This court dealt with this situation in McGarry v. Fogliani, 9 Cir., 370 F.2d 42, 44, where we said respecting that appellant: "He makes no showing whatever that any prejudicial errors occurred that would have called for a reversal of his conviction. There is nothing in the claim that the sentencing judge refused to allow an appeal from the conviction before appellant was sentenced. The right to appeal attached when appellant was sentenced. Nor is the court required to order a copy of appellant's trial transcript merely to enable appellant to `comb the record in the hope of discovering some flaw.'"
In the case before us the trial court failed to find that Wade was claiming that there was any error which occurred in the proceedings which led to his conviction which would warrant the granting of post-conviction relief.
So far as the district court's findings are concerned, our holding in McGarry v. Fogliani, supra, would require us to say that Wade was not entitled to demand a transcript merely to enable him to comb the record in the hope of discovering some flaw.1 The judgment must be reversed.2
It is so ordered.
Such authority as is available is in accord with what was stated in McGarry, see footnote 7, where the court cites United States v. Glass, 4th Cir., 317 F. 2d 200, 202. Although the language there is in accord with the McGarry decision, under the circumstances of that case it may be dictum. Two other cases suggest the same rule: Ketcherside v. United States, 6 Cir., 317 F.2d 807, 808, and Taylor v. United States, 9 Cir., 238 F. 2d 409, 411, although both these two cases were primarily concerned with a construction of a federal statute relating to providing a transcript at government expense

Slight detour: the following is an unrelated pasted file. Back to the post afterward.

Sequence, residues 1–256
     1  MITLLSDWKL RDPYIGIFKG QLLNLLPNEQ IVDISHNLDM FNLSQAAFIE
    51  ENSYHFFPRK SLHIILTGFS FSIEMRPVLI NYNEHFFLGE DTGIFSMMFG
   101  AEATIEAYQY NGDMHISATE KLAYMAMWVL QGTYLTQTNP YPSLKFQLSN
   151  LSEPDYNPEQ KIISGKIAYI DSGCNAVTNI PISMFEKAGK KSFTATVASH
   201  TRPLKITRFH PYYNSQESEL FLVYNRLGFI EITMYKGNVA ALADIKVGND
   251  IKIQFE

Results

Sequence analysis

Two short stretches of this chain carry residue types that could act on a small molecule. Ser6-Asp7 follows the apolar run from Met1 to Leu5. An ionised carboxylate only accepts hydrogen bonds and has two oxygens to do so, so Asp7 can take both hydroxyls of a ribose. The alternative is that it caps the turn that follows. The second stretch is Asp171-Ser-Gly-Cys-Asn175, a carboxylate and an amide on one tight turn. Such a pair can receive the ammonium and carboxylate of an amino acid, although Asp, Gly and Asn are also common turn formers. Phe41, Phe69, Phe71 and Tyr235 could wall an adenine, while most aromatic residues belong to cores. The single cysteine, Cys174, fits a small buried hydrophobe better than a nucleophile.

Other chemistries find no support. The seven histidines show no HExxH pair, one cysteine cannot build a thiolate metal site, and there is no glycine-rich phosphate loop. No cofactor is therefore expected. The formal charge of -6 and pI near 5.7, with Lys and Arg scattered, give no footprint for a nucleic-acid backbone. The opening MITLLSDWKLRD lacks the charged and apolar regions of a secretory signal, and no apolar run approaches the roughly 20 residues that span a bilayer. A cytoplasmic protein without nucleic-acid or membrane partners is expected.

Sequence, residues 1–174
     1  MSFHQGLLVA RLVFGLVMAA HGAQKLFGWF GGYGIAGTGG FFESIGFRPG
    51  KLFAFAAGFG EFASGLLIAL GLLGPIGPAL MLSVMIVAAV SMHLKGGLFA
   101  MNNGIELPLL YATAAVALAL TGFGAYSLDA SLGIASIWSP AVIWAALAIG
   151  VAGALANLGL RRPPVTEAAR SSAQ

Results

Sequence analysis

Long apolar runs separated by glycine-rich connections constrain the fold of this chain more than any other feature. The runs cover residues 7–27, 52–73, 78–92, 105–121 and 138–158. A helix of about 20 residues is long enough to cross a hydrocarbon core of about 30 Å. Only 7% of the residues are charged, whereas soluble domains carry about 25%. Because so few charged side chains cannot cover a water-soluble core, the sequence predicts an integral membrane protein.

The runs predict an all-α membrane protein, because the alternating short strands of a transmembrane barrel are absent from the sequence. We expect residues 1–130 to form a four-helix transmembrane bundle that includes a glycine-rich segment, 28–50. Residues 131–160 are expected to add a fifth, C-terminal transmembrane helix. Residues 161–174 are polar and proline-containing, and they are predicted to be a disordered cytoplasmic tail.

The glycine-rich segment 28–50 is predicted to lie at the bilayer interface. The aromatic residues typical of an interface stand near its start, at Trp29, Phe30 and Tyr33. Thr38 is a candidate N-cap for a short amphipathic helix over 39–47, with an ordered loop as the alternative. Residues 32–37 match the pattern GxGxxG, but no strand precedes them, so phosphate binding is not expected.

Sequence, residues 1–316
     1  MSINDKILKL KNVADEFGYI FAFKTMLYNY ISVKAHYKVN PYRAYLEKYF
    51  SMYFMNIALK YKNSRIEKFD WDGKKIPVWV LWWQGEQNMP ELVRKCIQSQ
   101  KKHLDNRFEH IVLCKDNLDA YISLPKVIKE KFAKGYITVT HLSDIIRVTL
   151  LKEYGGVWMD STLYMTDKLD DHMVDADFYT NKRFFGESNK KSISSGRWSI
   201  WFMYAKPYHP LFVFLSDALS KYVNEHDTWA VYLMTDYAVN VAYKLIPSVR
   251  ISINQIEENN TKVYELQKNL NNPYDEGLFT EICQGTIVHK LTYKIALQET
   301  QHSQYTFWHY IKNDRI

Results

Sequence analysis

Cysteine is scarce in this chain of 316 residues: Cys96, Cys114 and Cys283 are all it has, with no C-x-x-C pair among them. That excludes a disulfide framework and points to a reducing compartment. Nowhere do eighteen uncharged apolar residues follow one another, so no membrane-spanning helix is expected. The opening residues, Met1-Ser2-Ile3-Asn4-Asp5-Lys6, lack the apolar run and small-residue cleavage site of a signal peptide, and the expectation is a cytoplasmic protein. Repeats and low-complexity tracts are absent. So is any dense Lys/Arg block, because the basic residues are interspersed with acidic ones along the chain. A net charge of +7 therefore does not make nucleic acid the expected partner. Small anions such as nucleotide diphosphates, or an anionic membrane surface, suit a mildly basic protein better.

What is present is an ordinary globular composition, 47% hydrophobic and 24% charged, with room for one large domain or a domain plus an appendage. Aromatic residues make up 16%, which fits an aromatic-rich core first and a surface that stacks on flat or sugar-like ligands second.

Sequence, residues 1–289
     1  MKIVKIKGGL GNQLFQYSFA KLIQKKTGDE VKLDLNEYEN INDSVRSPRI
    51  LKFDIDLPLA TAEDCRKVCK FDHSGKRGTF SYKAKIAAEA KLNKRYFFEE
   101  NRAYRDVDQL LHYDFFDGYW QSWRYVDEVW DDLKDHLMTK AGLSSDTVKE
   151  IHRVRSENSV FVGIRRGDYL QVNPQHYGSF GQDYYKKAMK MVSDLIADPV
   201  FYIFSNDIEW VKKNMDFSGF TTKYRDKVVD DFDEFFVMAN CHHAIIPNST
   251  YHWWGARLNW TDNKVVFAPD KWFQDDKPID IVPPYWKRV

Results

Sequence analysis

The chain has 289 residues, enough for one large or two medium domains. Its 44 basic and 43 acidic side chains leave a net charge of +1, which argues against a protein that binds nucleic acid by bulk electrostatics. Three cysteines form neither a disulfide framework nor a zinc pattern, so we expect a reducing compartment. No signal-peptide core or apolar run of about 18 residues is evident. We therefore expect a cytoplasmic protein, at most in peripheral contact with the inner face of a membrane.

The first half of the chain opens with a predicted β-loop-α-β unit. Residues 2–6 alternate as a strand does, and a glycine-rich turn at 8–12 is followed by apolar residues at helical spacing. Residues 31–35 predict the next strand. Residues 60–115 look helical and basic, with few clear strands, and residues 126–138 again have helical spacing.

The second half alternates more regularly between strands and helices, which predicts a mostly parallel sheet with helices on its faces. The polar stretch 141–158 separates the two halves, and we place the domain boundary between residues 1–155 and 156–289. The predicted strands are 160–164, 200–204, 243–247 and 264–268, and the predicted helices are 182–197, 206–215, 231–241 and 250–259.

Wade not only completed a commonly used prepared form of petition for habeas corpus, but he added to it a typewritten petition for the writ stating in general the same matters we have previously mentioned with an additional recital. After describing his sentence and life imprisonment, he continued: "Thereafter petitioner appealed to the district court of appeal of the State of California, Second Appellate District, in case No. 7496. The Appellate Court affirmed the conviction of the Superior Court of Los Angeles County, on August 17, 1961, and relieved the court appointed counsel on his own request." The last quoted paragraph would suggest to us that the circumstances under which his court appointed counsel was relieved of representation of Wade may well have been contrary to the rules laid down in Anders v. California, 386 U.S. 738, 87 S.Ct. 1396, 18 L.Ed.2d 493
The quoted allegation is wholly insufficient to demonstrate that Wade had been deprived of the rights which were recognized in the Anders case; but the petition would be susceptible to amendment were he given an opportunity to amend. However, a careful examination of the record discloses that he has never made any such point in his petitions in the state courts. In short, he had not exhausted his remedies available in the state courts as required by Title 28 § 2254. We assume that if it is possible to make a case under the rule of Anders v. California, supra, nothing would prevent him from making such a claim hereafter for this judgment is not res judicata. Fay v. Noia, 372 U.S. 391, 423, 83 S.Ct. 822, 9 L.Ed.2d 837.